Mitogen-activated protein kinase (MAPK) signaling, via the c-Jun N-terminal Kinases (JNK) and p38 kinases, induces the expression of GADD45A. They activate c-Jun, which, similarly to p53, binds to the third intron of GADD45A and activates its transcription. Notably, oncogenic stress, such as constitutively elevated H-Ras or B-RAF activity, activates p38 signaling, resulting in the expression of GADD45A and oncogene-induced senescence (Bulavin et al. 2003; Jacob et al. 2011).

Transcriptional repression also takes place. The proto-oncogene c- Myc binds directly to the promoter region of GADD45A and represses its transcription (Tao and Umek 1999), highlighting the role of GADD45A in arresting cell growth. The Notch effector gene and transcriptional repressor, HES-1, directly suppresses GADD45A expression (Chiou et al. 2014), demonstrating a link between Notch signaling and GADD45A expression.

 NF-κB signaling regulates GADD45 expression through multiple mechanisms. The p65-target gene product, EGR1, directly activates the transcription of GADD45A (Thyss et al. 2005). The NF-κB-activating kinases, IKKα and IKKβ, induce GADD45A expression through a NF-κB-independent mechanism (Song et al. 2008). However, NF-κB also inhibits GADD45A expression through the activation of c-Myc and downregulation of nucleolin. Therefore, NF-κB’s differential regulation of GADD45A may contribute to the observed pro- and antioncogenic actions of NF-κB, although the mechanisms governing this switch are not well understood (Yang et al. 2009).

GADD45A is also regulated at the posttranscriptional level. In unstressed cells, AUF1 destabilizes GADD45A mRNA and TIAR1 hinders its translation. After exposure of cells to MMS or UV radiation, these proteins quickly dissociate from GADD45A mRNA and allow GADD45A protein levels to rise. Conversely, the mRNA stabilizing protein, nucleolin, binds GADD45A mRNA after cellular stimulation with arsenic chloride or inhibition of NF-κB and potently increases both mRNA and protein levels. Lastly, genotoxic stress induces the MK2 and p38 kinases to phosphorylate three proteins involved in RNA regulation, hnRNPA0, TIAR1, and PARN, stabilizing GADD45A mRNA and allowing its translation (Reinhardt et al. 2010).

The final level of GADD45A regulation is at the posttranslational level. Arsenite stimulation of cells induces the formation of an IκB-kinase-β (IKKβ)/NF-κB p50 subunit complex that decreases ubiquitinated GADD45A levels and its subsequent proteasomal degradation (Yang et al. 2009). Conversely, the ubiquitin E3 ligase MDM2 can ubiquitinate GADD45A and target it for degradation (Gao et al. 2013), consistent with a role for MDM2 in opposing p53 function.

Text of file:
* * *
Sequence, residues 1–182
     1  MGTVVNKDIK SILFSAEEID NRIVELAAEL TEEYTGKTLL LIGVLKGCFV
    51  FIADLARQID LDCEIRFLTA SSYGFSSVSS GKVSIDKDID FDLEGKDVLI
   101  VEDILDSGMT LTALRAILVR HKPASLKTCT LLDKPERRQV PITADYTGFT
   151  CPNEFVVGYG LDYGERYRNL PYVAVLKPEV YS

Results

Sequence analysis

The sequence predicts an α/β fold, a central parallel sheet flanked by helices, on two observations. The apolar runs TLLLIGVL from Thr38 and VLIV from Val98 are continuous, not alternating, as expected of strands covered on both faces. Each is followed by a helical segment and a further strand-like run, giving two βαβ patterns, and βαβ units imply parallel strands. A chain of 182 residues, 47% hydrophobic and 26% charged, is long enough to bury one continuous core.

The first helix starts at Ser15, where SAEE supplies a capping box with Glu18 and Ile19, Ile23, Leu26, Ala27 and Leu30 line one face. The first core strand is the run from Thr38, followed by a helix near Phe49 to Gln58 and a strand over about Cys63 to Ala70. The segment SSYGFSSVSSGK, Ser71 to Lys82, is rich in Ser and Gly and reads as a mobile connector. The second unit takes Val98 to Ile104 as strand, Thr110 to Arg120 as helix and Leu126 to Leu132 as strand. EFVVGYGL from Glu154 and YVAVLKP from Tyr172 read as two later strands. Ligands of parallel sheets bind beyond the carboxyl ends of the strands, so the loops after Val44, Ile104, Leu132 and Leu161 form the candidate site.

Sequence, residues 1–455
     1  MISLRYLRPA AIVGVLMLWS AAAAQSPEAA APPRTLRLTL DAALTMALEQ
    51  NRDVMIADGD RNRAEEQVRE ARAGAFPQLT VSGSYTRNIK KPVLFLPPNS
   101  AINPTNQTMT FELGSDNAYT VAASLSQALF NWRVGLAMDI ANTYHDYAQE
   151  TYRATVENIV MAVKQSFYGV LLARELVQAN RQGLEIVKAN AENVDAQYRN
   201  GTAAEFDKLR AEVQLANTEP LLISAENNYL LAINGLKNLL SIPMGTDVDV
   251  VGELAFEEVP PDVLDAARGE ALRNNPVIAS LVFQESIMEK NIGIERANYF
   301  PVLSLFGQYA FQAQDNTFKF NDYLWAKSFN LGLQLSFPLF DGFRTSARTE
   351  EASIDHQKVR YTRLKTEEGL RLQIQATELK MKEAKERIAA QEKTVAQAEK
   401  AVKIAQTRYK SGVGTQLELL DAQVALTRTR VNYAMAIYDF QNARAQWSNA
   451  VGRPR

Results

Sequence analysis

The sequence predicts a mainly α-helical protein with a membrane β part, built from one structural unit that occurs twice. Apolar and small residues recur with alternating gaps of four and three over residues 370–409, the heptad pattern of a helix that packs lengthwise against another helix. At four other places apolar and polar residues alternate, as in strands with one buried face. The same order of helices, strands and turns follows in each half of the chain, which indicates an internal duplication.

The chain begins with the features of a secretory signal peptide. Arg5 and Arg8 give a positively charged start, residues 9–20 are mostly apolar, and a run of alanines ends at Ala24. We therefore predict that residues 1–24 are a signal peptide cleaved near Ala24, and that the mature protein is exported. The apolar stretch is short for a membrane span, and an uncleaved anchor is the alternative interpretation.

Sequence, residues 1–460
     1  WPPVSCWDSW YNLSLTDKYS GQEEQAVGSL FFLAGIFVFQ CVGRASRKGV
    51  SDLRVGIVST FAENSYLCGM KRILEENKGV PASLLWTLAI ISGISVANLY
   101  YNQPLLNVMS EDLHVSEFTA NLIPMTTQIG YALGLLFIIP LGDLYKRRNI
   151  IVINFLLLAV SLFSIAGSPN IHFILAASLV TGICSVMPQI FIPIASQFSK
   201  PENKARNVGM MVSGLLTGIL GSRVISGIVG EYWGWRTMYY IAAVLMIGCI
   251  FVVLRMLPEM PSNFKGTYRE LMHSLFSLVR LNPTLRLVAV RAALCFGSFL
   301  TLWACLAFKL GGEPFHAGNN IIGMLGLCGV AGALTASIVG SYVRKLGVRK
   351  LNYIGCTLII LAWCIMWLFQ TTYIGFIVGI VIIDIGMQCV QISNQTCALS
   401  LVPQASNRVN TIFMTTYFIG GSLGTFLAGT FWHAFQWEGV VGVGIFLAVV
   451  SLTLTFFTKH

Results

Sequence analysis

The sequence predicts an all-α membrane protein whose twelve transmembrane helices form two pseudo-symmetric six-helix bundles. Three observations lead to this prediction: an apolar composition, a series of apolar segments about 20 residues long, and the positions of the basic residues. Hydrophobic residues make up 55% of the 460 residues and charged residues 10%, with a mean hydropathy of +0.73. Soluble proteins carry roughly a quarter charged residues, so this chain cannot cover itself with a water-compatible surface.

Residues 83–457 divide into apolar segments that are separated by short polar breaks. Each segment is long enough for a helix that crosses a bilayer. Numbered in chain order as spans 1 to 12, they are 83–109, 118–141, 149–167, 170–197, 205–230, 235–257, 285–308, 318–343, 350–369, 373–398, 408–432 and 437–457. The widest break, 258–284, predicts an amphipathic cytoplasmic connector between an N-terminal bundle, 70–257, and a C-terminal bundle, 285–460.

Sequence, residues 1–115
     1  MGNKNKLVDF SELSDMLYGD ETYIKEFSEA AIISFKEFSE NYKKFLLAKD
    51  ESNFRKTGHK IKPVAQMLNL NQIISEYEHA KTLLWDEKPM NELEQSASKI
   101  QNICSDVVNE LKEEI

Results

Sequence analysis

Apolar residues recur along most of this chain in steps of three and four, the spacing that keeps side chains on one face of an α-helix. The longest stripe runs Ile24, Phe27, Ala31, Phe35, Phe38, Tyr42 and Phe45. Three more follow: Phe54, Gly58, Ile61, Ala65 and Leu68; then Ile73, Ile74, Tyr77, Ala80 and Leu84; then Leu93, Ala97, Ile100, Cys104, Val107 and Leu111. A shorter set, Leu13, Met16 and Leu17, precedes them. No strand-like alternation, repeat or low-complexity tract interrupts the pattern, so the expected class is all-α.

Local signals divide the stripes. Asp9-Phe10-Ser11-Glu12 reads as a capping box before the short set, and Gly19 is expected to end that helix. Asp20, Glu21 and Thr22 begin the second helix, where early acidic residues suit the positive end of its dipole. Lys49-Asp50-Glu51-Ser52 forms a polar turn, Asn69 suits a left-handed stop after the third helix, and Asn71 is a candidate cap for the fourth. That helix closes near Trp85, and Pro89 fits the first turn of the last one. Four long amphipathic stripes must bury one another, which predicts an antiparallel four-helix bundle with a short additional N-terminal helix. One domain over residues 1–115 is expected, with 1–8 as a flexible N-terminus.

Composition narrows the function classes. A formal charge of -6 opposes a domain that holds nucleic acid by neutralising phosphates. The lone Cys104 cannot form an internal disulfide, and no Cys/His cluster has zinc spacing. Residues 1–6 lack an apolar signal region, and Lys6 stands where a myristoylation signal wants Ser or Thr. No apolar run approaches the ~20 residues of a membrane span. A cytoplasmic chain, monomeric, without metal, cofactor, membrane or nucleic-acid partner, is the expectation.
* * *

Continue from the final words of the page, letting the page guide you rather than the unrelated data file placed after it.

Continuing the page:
GADD45B- and GADD45G-specific mechanisms of transcriptional regulation also exist. The p65 (RelA) subunit of NF-κB binds directly to three κB elements in the promoter of GADD45B and activates its transcription (Yang et al. 2009). Nucleus accumbens-1 (Nac1) is a transcription factor that is associated with embryonic stem cell self-renewal and pluripotency; it is also found to be upregulated in several cancer types, and particularly chemoresistant, recurring ovarian carcinomas. Nac1-mediated downregulation of GADD45G was found to contribute to paclitaxel resistance in ovarian cancer cells (Jinawath et al. 2009).

The Effects and Consequences of GADD45A Expression

As can be expected from a protein that is predominantly induced after genotoxic and other cellular stresses, the most well-characterized functions of GADD45A are to induce growth arrest and stimulate DNA repair. Although a few direct biochemical mechanisms have been shown for GADD45A, it has been repeatedly found to form complexes with other proteins and even chromatin. Thus, it seems likely that the ability to both facilitate protein-protein interactions and sequester proteins may be important; these interactions and their subsequent effects are also illustrated in Fig. 1 as well as in Table 2 for select proteins.
GADD45, Table 2

A list of Gadd45’s downstream effectors. While by no means comprehensive, this table lists some of the downstream effectors of Gadd45

GADD45A plays a role in both S- and G 2/M-phase arrest (Smith et al. 1994; Hollander and Fornace 2002); it displaces proliferating cell nuclear antigen (PCNA) from the cyclin D1 complex, inhibiting DNA replication during S-phase (Smith et al. 1994). Likewise, GADD45A can also bind cyclin-dependent kinase 1 (CDK1), preventing its association with cyclin B1, inhibiting CDK1 activity, and arresting the cell at the G2/M checkpoint (Wang et al. 1999; Hollander and Fornace 2002).

GADD45A works by multiple mechanisms to maintain genomic stability throughout mitosis. Mouse embryonic fibroblasts (MEFs) and mice with a GADD45A-/- genotype were much more likely to exhibit centrosome amplification and incomplete chromosomal condensation during mitosis. This results in defective chromosomal segregation, likely leading to the chromosomal and chromatid aberrations often seen in this genotype (Hollander and Fornace 2002), which is quite similar to the p53−/− phenotype. GADD45A physically associates with Aurora-A protein kinase, the deregulated activity of which similarly produces centrosome abnormality, and strongly inhibits it. Additionally, GADD45A and BRCA1 are both required for the full, physiological transcriptional upregulation of NEK2, the proper concentration of which has been found to be essential for timely centrosome separation (Gao et al. 2009).